Tuis? Yeah Right!

When good birds turn bad

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Andrew Caldwell

It all began with an Apple.

Mine makes a soft ‘purr’—that’s the name on the drop menu of Macintosh sound effects—to alert me to incoming email. Then one day, out of the blue, I started receiving phantom messages, a purr with no email. The device had somehow gotten it into its circuitry to purr just for the hell of it. I quickly dismissed a couple of the more interesting hypotheses: email from the other side; ghost in the machine—and concluded it was probably my spam filter eliminating junk mail after announcing its arrival.

But the truth is out there, and it WILL find you. Out there, in my case, was out there on a scaffold where I was painting the house. The arrival of an email was announced a few feet from my head… among the trees.

Now, I like to think I live in a tree house. It’s not actually built in a tree, but it is built into the canopy and that canopy is filled with birds. Kereru hooning around half drunk on fermented berries, various twittering songbirds, and the resident Mafioso—tuis, those sleek, enchanting, bullying, noisy passerines. And I turned to see one on a branch. It purred again.

Prosthemadera novaeseelandiae, with its white cravat and iridescent plumage, is a handsome bird and, owing to the quirk of a twin larynx, one that delights in the dexterity of its vocalisations. Its repertoire alternates between sweet chimes, raucous cackles, wheezes, clicks and the sound of creaking timber. Remarkable enough, but sometimes a tui gets it into his or her small-but-perfectly-formed head to master a new environmental sound. Helen, who lives with me in the tree house, owns a cellphone, and it too has been heard ringing in the trees.

Not that tuis need to imitate new sounds with all their natural acoustic gifts. These birds realised some time ago that Helen writes music and that they can insert their favourite themes and motifs into her work at will. Their control seemed to extend beyond her conscious mind into her subconscious, and on a few occasions she’s been little more than a conduit for their caprice. Helping her to compose was a major occupation for them, perhaps their defining occupation, until recently when something new arrived on the scene. A Citröen.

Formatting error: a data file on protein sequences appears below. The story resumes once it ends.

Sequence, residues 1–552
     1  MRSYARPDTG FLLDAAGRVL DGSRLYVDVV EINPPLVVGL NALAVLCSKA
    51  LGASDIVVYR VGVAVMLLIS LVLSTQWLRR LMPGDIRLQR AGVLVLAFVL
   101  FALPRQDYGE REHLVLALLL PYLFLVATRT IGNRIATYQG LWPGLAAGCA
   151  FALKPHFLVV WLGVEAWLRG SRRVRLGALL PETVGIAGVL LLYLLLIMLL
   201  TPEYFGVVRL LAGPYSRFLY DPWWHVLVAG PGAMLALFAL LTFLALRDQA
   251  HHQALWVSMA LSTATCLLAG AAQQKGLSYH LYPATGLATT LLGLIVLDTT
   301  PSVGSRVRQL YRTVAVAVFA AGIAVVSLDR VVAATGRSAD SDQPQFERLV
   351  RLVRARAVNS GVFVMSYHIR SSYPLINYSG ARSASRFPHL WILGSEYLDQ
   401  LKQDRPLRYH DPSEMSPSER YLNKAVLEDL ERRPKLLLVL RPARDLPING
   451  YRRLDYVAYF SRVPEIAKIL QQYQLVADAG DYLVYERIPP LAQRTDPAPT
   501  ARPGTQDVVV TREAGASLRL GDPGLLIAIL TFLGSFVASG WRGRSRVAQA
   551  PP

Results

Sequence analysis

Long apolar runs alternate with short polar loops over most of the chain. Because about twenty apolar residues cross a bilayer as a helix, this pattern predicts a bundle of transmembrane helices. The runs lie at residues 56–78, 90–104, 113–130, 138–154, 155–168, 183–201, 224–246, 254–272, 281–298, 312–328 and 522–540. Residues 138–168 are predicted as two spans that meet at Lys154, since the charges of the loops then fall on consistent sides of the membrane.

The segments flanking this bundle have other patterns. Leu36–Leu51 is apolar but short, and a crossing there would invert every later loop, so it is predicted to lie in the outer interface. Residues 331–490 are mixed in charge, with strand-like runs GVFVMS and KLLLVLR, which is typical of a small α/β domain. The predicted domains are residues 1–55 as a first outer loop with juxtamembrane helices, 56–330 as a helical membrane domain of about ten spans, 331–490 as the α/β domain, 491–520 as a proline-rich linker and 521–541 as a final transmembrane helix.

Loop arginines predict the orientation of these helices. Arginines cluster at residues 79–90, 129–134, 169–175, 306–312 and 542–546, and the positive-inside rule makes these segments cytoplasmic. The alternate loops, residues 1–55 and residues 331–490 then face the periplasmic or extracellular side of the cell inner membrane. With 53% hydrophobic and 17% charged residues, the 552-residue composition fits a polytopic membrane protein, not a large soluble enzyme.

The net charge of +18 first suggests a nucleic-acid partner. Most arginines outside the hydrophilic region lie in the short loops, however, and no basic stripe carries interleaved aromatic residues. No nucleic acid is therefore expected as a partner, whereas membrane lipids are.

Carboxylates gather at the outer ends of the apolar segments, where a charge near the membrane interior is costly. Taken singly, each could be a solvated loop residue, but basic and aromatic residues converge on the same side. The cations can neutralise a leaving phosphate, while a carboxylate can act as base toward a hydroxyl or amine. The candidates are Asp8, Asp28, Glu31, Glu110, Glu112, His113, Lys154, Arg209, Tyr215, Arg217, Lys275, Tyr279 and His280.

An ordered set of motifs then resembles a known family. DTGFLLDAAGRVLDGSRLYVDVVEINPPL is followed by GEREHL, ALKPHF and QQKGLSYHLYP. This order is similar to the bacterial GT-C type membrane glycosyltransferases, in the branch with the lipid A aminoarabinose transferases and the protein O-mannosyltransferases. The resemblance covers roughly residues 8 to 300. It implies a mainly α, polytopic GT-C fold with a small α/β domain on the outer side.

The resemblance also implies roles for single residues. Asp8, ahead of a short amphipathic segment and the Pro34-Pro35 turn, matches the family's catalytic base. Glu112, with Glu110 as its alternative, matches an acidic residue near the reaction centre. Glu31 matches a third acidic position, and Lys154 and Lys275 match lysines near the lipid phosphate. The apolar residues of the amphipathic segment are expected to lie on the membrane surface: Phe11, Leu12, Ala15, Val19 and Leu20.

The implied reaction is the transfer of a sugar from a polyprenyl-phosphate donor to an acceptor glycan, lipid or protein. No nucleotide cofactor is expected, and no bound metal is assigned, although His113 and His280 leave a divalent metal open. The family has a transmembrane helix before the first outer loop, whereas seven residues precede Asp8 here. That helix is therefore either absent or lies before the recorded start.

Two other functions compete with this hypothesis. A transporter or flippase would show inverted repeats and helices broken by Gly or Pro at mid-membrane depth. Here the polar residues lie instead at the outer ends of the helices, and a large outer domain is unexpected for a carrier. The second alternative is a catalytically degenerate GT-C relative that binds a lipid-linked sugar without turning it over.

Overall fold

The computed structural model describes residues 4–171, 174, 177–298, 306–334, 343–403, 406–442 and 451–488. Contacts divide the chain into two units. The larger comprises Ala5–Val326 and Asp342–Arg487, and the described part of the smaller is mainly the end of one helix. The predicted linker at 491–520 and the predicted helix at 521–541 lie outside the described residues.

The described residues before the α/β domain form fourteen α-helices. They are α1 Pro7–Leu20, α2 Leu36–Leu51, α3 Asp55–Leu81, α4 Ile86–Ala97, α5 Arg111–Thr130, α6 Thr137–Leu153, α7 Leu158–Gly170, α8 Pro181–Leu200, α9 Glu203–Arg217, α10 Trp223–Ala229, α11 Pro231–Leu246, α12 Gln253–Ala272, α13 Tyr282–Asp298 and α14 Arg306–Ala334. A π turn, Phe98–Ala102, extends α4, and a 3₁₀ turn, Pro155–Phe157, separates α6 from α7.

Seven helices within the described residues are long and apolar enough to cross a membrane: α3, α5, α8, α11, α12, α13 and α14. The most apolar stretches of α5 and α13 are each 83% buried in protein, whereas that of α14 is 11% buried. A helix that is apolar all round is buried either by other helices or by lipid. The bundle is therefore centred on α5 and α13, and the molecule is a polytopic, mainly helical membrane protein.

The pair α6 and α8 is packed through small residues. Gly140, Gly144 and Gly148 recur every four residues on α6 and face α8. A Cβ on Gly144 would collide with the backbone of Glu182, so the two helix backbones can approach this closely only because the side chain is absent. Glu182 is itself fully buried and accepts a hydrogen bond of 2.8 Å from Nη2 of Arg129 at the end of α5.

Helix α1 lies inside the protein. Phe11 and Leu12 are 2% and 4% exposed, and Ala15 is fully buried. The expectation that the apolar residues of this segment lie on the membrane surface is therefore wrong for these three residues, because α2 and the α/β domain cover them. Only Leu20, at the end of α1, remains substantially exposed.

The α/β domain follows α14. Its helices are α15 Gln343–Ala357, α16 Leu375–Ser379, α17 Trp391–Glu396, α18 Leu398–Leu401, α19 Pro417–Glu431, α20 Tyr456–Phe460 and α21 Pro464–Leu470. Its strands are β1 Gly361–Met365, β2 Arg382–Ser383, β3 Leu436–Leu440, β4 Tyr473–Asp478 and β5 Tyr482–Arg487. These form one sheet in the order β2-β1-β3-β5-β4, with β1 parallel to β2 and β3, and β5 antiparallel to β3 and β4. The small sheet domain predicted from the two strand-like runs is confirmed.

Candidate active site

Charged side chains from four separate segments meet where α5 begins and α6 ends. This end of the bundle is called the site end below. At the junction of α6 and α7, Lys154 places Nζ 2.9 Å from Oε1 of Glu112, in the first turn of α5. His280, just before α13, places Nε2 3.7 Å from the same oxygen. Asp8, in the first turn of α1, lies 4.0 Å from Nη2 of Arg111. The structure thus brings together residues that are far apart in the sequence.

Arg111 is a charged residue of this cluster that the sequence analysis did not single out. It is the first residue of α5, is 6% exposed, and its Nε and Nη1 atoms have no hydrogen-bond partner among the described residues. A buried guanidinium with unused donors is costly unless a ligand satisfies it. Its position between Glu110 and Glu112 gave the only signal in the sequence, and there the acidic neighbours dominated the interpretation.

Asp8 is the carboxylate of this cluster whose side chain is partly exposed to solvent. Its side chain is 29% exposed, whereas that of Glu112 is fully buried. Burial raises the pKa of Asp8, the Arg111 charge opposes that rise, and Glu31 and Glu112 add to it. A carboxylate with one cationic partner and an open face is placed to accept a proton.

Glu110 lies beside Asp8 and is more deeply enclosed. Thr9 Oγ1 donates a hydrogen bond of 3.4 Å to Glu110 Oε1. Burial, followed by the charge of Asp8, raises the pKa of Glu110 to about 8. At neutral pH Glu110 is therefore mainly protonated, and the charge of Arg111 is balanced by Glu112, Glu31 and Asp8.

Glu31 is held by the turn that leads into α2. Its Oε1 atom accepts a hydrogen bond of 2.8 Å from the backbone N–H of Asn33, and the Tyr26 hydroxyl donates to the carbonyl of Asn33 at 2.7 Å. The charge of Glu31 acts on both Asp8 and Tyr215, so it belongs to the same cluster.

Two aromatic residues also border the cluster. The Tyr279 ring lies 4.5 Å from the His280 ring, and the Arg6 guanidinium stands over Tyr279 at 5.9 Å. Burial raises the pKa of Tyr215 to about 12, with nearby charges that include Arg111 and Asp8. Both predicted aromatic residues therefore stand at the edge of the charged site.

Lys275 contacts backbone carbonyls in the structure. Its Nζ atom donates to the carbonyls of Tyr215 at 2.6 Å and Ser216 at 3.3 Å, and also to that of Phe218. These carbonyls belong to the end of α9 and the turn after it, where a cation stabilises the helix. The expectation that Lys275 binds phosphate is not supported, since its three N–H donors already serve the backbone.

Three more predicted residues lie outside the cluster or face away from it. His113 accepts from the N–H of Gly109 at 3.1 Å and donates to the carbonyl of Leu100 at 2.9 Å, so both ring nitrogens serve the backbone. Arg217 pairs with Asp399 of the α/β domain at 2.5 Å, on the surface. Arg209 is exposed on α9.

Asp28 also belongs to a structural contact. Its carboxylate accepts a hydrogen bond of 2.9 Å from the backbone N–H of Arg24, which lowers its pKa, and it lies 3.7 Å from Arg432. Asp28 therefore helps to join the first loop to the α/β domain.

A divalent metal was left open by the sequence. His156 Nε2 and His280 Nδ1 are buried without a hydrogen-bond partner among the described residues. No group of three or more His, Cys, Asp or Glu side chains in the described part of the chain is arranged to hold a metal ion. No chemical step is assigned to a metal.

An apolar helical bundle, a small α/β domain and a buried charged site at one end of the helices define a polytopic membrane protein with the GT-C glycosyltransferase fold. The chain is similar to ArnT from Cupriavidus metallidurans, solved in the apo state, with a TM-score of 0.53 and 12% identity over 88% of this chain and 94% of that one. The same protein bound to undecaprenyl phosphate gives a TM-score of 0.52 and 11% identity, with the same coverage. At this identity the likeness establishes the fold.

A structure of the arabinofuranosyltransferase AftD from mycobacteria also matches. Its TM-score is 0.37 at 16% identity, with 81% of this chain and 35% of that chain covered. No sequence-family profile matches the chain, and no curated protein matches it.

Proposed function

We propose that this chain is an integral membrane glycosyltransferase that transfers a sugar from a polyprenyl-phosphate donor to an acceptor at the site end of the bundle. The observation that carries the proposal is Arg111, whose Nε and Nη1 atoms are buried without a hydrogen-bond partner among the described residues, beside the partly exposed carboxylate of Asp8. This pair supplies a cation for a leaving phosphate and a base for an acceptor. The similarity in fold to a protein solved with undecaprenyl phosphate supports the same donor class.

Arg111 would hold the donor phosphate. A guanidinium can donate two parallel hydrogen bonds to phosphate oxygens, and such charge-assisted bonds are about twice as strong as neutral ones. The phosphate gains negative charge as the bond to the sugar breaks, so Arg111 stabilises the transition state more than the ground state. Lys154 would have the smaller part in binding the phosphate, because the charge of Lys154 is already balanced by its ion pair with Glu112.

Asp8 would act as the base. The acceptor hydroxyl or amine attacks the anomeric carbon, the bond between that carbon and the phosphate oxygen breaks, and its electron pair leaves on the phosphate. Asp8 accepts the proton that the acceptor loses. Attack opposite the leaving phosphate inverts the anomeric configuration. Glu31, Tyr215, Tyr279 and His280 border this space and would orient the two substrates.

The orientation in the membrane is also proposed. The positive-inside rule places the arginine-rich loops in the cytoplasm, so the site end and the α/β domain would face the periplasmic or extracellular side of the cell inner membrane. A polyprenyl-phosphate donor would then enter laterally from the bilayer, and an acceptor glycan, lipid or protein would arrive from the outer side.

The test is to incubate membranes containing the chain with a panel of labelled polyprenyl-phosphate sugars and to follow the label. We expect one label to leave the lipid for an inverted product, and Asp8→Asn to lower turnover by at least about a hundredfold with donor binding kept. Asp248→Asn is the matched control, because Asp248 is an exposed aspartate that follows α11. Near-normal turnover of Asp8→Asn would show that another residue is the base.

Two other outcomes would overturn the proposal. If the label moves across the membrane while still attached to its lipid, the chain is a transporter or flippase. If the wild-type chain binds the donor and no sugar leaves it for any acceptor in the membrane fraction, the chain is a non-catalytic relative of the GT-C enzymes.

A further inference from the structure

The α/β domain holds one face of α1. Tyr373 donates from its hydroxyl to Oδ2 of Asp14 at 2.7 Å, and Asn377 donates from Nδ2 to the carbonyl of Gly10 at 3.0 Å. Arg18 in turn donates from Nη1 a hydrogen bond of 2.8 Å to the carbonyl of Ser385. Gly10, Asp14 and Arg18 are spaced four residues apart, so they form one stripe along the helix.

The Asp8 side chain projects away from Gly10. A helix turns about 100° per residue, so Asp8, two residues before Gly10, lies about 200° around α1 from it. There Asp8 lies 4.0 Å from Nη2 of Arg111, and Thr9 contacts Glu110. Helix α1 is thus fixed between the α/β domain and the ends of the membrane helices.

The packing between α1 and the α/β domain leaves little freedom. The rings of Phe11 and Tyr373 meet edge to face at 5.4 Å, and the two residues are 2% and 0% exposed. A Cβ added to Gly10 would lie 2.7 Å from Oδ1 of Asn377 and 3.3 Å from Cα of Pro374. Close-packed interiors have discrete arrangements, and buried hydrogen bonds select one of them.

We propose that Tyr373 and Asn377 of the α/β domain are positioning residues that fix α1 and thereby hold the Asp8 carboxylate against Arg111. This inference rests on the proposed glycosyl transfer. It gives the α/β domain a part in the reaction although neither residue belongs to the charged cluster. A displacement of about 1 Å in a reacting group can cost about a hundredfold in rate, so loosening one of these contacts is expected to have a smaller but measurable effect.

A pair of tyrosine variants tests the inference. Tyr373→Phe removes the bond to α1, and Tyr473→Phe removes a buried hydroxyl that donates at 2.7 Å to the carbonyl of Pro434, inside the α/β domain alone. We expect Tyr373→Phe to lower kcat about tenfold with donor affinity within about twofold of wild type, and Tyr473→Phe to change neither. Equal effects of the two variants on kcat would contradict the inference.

German cars are famous for precision engineering, Italian cars for their stylish lines, American for their size, while the Japanese automotive industry is like the Catholic Church, trying to be all things to all people. But the French? They make bread in sticks and have horns, kisses and condoms named after them. No one tells the French what to do, and that certainly includes how to make cars. If asked, and if they could be bothered responding, the French would likely describe their automobiles as ‘individual’, which as we all know is a sure-fire euphemism for eccentric. This one, for example, didn’t come with a jack—it came with hydraulics. But its pièce de résistance was in the form of dexterous vocalisations: a piercing sequence of notes for ‘remote lock’, another for ‘remote unlock’, and a real doozy for ‘unauthorised entry’.

Naturally the tuis took an instant shine to the Citröen, it being kin of some sort, right down to the iridescent metallic sheen. Within just a few days the car could be heard to be gleefully remote locking/unlocking from all directions. Then, maybe a week or so later, the alarm started to sound.

At first I had to check that there wasn’t a guy in a striped shirt and a black mask with a loot bag over his shoulder tiptoeing around the car to the sound of a xylophone. There wasn’t, of course, just the cackle of avian mirth in the surrounding foliage. In one masterly stroke the little devils had cast me in the role of one of those villagers in Aesop’s Boy Who Cried Wolf, turning my car into a liar that will now be ignored, even if it tells the truth.

And I know they’re not finished with me yet. There’s a whole world of vexatious imitations they have yet to experiment with: emergency sirens, blood curdling screams, cat fights (to upset the dog), other stuff I can’t imagine. And like Aesop’s fable, there’s bound to be a moral to this story too, though I’m not sure what it is. But I reckon if I had to come up with a slogan for that billboard campaign, mine would be: “Tuis. Just hatching eggs in those trees…yeah, right!”

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